Vincenzo Nibali (Astana) made a short-lived attack but as they were back on the tarmac, he was back in the fold. Michal Kwiatkowski (Sky) and Jay McCarthy (Tinkoff) tried on a descent but it was a 20-rider group that emerged in pursuit of the lone Brambilla.

Daniel Oss and Bookwalter took over the pace-setting 15 seconds behind the leader until they hit the next gravel sector which was extremely steep. Peter Sagan (Tinkoff) made an immediate attack and only Stybar could follow the world champion. Cancellara was in lone pursuit while Jakob Fuglsang (Astana), Greg Van Avermaet (BMC) and Kwiatkowski led the first bigger group.

Sagan and Stybar caught Brambilla at the end of the gravel sector and Cancellara rejoined the group on the descent. Van Avermaet, Fuglsang and Kwiatkowski were their nearest chasers but as they sped down the descent, Petr Vakoc (Etixx-QuickStep), Tiesj Benoot (Lotto Soudal), Diego Ulissi (Lampre-Merida), Oss and Alejandro Valverde (Movistar) regained contact.

Brambilla sacrificed himself for Stybar and so the quartet managed to maintain a 15-second advantage. Meanwhile, Nibali, Bob Jungels, Matteo Trentin (Etixx-QuickStep), McCarthy, Lars Petter Nordhaug (Sky) and Bookwalter rejoined the chasers.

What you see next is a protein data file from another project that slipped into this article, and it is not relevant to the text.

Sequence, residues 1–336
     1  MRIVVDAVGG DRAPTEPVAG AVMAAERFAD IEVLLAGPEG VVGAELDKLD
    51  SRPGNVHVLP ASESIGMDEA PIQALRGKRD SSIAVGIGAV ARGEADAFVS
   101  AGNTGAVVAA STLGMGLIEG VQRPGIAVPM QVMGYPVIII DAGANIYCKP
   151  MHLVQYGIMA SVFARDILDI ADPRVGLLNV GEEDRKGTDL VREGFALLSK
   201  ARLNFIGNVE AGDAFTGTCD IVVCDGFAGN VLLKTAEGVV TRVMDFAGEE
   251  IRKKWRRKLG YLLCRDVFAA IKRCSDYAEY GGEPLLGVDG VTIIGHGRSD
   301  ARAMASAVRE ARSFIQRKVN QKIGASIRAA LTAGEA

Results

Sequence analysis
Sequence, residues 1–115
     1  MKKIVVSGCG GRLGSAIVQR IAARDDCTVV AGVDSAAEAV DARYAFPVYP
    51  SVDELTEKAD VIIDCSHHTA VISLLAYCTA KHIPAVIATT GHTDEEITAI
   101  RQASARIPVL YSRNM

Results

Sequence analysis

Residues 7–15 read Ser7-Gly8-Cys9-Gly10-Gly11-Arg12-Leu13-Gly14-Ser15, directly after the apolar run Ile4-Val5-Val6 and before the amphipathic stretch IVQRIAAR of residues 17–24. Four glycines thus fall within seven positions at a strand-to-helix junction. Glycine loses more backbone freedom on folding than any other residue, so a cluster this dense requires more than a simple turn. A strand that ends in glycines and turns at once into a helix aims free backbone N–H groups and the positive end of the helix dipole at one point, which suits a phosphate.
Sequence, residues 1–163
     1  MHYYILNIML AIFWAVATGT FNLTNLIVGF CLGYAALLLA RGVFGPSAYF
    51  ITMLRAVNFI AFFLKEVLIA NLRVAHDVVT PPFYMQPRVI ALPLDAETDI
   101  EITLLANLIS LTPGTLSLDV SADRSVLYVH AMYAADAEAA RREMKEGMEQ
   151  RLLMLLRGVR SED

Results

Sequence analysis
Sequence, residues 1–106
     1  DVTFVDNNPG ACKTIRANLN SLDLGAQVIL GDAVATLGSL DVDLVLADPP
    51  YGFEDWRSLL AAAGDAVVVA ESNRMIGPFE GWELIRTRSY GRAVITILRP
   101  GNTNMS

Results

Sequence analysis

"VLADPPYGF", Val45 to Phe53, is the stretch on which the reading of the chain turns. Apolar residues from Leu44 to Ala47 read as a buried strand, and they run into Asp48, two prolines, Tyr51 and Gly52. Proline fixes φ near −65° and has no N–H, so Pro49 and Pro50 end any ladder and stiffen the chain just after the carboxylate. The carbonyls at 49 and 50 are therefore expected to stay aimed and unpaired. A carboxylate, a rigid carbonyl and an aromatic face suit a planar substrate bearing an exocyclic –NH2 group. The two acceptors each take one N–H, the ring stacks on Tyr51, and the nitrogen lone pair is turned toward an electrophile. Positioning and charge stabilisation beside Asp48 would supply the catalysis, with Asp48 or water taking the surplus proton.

With 14km to go, Cancellara made a small attack but Stybar easily shut it down. The quartet started to cooperate while Nibali was sacrificing himself in the chase group for Fuglsang.

On the final gravel sector with 12km to go, Sagan tried to up the pace but the quartet was still together as they were back on the tarmac, leading the chasers by 13 seconds. Van Avermaet tried to bridge the gap on his own but was caught by Valverde, Benoot, Ulissi, Nordhaug, Fuglsang and Vakoc on the descent from the small climb. Kwiatkowski, Nibali, Bookwalter and Oss formed a group further back.

The chasers and front quartet all cooperated well and so the gap stayed around 15 seconds as they approached the finish in Siena. That changed when Brambilla made a first attack with 7km to go. Cancellara quickly joined him before Stybar and Sagan also regained contact.